Observation 1: I saw something on Saturday at 8:20 p.m. EST that I hadn't seen before at these Games: a black athlete. His name was Garrett Hines and he was the back half of a two-man bobsled team, which strikes me as being about as glamorous as being the back half of a two-man horse costume -- you push the sled for a few yards, then jump in and duck down behind the driver, getting a great view of his back half and becoming invisible to spectators -- but I suppose it's honorable work.

Seeing my first black face -- there may have been others evident whom I missed -- eight days into the Games brought home to me how white the Winter Olympics are, and I don't mean the snow and ice. I would be a better person if I had noticed this eight days earlier. And I don't quite know what to do with this observation. But there it is: The Winter Olympics sure are white.

Question 2: Do blacks watch the Olympics in significant numbers?

Question 3: This is a dumb question, but why do aerial skiers, who go 50 feet straight up in the air when they go up that ramp, not get hurt when they land? Why is it not like falling out a fourth-floor window and landing on your feet? Or is it?

Observation 2: How great is Gary Thorne? I know that looks like a question but it's rhetorical, so it counts as an observation. The answer is that ESPN's main hockey announcer is just plain great. He has a great voice, a great accent (Maine), a great command of the game and great rapport with his sidekick, John Davidson. He does baseball and basketball too, but he's been so good for so long as the voice of ESPN's hockey broadcasts that his voice just sounds like hockey to me now, the way Keith Jackson's voice sounds like college football. He's a lawyer, so you can insert your own wisecrack here, but I love the guy.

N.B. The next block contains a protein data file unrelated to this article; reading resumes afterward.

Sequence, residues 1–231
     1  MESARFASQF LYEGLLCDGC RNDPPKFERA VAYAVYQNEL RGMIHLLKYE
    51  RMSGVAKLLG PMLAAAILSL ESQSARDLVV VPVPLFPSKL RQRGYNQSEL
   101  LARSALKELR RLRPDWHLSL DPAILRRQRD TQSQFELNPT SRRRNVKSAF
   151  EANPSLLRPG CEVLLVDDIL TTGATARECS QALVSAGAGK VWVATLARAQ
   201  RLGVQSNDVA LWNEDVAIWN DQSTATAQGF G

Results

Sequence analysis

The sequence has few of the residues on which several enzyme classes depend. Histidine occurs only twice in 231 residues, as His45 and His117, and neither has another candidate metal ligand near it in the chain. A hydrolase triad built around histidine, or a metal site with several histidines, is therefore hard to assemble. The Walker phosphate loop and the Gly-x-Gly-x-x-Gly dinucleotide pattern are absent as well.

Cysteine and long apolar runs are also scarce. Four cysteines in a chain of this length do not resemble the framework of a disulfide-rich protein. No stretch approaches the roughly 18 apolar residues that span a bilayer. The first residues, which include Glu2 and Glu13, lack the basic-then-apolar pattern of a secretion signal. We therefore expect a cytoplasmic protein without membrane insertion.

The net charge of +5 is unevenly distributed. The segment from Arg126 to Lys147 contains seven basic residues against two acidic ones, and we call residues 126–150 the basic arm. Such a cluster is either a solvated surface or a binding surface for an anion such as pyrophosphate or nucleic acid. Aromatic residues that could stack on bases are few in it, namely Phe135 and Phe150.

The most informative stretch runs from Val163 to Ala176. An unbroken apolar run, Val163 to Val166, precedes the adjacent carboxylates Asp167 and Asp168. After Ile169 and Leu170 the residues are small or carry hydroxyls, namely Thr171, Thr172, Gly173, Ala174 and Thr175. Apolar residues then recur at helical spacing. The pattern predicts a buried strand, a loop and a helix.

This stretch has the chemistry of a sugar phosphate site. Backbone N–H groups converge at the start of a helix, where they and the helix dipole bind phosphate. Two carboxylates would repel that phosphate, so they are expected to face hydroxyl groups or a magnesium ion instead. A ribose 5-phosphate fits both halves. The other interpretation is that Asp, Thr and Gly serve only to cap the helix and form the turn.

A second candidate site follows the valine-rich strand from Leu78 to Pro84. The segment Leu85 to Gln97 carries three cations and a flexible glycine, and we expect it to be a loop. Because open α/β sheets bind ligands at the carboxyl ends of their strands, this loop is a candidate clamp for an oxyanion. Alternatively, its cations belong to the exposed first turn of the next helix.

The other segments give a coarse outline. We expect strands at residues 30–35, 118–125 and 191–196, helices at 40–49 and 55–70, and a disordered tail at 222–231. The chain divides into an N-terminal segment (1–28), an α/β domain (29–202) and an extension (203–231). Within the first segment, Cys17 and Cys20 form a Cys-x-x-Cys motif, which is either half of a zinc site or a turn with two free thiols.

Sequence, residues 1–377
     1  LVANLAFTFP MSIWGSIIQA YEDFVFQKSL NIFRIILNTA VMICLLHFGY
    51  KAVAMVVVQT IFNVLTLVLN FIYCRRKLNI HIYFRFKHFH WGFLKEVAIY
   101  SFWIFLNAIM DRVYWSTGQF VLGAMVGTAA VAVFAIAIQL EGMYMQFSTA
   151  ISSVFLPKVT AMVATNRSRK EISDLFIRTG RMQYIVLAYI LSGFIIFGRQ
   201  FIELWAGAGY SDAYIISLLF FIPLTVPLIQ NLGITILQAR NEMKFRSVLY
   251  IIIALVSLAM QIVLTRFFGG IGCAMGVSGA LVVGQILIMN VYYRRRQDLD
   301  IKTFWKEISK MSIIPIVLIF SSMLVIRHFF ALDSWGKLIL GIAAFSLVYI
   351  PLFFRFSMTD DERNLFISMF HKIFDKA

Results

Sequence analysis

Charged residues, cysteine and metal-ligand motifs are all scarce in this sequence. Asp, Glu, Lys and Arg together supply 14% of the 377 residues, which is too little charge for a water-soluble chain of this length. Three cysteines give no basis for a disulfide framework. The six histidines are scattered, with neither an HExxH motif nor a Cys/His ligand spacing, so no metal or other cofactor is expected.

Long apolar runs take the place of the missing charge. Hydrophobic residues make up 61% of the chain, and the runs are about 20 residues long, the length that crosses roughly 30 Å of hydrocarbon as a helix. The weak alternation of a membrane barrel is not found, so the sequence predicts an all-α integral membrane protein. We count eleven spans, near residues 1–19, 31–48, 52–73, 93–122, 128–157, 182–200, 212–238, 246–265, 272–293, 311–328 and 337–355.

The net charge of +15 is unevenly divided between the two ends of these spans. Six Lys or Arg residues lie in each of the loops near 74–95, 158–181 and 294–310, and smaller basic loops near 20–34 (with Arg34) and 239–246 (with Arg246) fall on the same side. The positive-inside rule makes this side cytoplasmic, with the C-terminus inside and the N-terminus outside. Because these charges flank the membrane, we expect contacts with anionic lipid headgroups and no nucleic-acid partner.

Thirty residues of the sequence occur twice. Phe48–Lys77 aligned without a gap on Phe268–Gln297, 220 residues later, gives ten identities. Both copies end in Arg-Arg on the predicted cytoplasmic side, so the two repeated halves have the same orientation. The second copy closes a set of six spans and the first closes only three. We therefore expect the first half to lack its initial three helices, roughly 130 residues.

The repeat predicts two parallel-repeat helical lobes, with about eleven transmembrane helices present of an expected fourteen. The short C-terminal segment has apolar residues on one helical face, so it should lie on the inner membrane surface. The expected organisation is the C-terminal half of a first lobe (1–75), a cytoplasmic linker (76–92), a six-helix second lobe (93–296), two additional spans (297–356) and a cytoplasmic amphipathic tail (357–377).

Observation 3: I also love those Office Depot commercials where Kathy Ireland tells those two biddies on the sidewalk that, actually, it's perfectly fine to wear white after Labor Day -- and it's not just because Kathy and I used to kind of go out. Because we didn't. It's because I'm the founder and only member of EGWE, which stands for Everything Goes With Everything, which is dedicated to the principle that you can pretty much wear what you want when you want, and it doesn't matter if those two cows who work down the hall and never once ask you to lunch whisper that, say, your red blazer clashes with your burgundy pants. I'm thinking that with Kathy on board, our membership will jump.